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Karl Rove on the eve of Arizona & Michigan primaries, with advice on Afghanistan

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HH: Karl Rove, of course, the Architect, www.rove.com. Hello, Karl, have you read Sean’s new book, yet?

KR :I haven’t, but I need to get it.

HH: He has a quarrel with your theory on realignments, but his prognostication for the President is he’s in big trouble because his coalition is narrow and deep, and built largely on African-American votes, which are statistically not as significant in the states where 2012’s going to be decided. What do you think of that?

KR: I think with a few exceptions, that’s probably accurate. North Carolina and Virginia would be the two states that I would say where a…if Obama’s able to duplicate the extraordinary turnout among the African-American vote that he did in 2008, and still get the 97-3 margin that he did, that he might be able to, at least in North Carolina and Virginia, carry off a victory. But I don’t see that the African-American turnout is going to be that intense, nor do I see that he’s going to be able to carry it 97-3. It may be 94-6, but I think it’s going to be, it’s going to tick down in terms of….they’re just…I mean, a lot of people in the African-American community thought we’d get, if we get Obama in as president, we’re going to have jobs, we’re going to have prosperity, we’re going to have opportunity, and they haven’t gotten it.

HH: Now Karl, I want to talk about your foreign policy piece with Ed Gillespie. Before I do, go up to 30,000 feet on this Battleground Poll that came out today. In fact, we’ve got three different polls. We’ve got Politico saying the President’s ahead, Rasmussen saying he’s trailing Romney, and the USA Today poll showing that the battleground states are the battleground states. Where do you think we are looking at November, not the Republican race, but the November race right now?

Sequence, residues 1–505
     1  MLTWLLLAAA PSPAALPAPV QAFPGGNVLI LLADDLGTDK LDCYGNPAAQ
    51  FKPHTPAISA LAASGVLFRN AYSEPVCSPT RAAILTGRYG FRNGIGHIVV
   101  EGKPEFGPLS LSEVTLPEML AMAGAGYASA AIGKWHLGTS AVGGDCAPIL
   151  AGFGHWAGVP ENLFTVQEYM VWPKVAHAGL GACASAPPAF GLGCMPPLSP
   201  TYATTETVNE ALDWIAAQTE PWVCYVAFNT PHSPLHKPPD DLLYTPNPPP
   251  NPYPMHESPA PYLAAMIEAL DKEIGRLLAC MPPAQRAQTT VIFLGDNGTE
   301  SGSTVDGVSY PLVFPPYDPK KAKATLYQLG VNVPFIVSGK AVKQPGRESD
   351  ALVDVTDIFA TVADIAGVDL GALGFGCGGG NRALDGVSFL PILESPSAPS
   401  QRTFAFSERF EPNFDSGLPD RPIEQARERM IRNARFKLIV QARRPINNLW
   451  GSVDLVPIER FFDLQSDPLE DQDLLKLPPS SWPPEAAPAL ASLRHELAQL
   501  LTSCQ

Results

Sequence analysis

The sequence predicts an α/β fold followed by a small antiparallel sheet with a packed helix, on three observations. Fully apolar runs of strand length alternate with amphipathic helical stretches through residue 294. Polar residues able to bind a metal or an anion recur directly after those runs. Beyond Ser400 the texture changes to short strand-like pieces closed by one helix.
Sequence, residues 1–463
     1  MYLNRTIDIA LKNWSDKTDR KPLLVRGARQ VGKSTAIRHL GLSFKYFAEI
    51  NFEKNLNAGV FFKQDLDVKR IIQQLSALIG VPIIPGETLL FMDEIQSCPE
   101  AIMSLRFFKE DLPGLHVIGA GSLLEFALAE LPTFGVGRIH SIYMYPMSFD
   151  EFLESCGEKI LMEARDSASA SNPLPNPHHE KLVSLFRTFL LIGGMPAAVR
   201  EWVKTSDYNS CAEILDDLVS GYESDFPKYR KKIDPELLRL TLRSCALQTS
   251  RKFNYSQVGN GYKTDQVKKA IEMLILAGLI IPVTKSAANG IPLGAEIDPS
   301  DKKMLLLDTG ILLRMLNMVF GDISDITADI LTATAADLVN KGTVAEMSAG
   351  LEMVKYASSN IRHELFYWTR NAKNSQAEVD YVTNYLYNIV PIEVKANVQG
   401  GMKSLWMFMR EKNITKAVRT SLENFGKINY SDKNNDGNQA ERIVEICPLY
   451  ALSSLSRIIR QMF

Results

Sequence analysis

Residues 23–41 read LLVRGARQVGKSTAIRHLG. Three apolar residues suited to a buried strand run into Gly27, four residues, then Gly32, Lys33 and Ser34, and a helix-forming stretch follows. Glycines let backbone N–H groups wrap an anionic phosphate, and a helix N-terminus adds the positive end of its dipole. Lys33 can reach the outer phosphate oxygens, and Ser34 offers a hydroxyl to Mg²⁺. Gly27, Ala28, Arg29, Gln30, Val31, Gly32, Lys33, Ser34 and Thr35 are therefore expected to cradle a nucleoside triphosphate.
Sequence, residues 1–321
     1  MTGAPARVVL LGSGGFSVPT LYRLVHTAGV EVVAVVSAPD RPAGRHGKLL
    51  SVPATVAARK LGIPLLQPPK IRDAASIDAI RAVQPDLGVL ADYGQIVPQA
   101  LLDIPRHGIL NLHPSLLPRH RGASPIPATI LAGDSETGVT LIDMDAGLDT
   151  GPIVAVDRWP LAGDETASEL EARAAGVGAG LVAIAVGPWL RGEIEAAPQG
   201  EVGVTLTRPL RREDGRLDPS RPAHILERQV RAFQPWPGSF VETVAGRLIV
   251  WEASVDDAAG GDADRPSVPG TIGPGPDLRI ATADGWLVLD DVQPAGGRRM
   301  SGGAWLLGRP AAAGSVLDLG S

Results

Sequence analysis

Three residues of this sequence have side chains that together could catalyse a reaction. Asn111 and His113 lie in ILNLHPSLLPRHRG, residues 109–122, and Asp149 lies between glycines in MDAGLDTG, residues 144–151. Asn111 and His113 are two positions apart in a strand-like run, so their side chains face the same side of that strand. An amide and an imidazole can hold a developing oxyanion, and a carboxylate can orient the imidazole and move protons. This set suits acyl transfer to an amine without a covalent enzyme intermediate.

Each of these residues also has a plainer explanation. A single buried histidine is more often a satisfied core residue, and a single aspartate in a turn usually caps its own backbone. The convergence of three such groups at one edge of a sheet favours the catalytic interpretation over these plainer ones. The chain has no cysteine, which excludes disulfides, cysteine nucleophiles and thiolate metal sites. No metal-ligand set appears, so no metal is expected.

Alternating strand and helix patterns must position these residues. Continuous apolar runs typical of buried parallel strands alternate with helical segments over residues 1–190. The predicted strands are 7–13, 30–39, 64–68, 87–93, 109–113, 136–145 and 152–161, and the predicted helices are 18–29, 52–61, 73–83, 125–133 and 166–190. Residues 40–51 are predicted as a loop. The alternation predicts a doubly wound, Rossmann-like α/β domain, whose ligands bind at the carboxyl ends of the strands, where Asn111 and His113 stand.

KR: I think the President is in very difficult straits. His difficulty is obscured to some degree by the fact that Republicans are going at each other. There’s blood on the floor, and so there’s a point or two or three of the electorate that are nominally Republican, and are likely, very likely to end up in the Republican column, who are saying well, if it’s that other guy, if it’s not my guy but it’s another guy in the Republican primary, I’m not going to be for him. So I think the President is in bad shape. If you take a look at it, you know, it’s like Rasmussen – 43-45 Romney vs. Obama. In a political battleground is 53-43, which I think is too rich. USA Today/Gallup is 47-47. I mean, I think the President, there have been only a handful of polls in the last six months in which he has been able to get above 50% of the vote. And his number is going to be what his number is going to be. There are very few undecideds at the end of this race who are going to break for President Obama.

HH: Now Carl, let’s talk about this very interesting piece by you and Ed Gillespie over at Foreign Policy. It’s available at www.rove.com, if people just want to go and read it. And a data point to go into this, Act Of Valor, a very patriotic movie about the SEALs, blew away box office estimates, made $25 million dollars this weekend and stunned Hollywood. A lot of people are trying to figure out what that means, but I think it plays into your arguments about the tone that the Republican nominee ought to take in the fall. Tell people what that tone is.

KR: Well, first of all, I went and saw the movie myself, and I know a couple of the guys in the movie, and a couple of SEALs. And it was interesting. I’m in Georgetown, Washington, D.C., watching the movie, and when it finishes, the entire theater began to applaud.

HH: That is remarkable.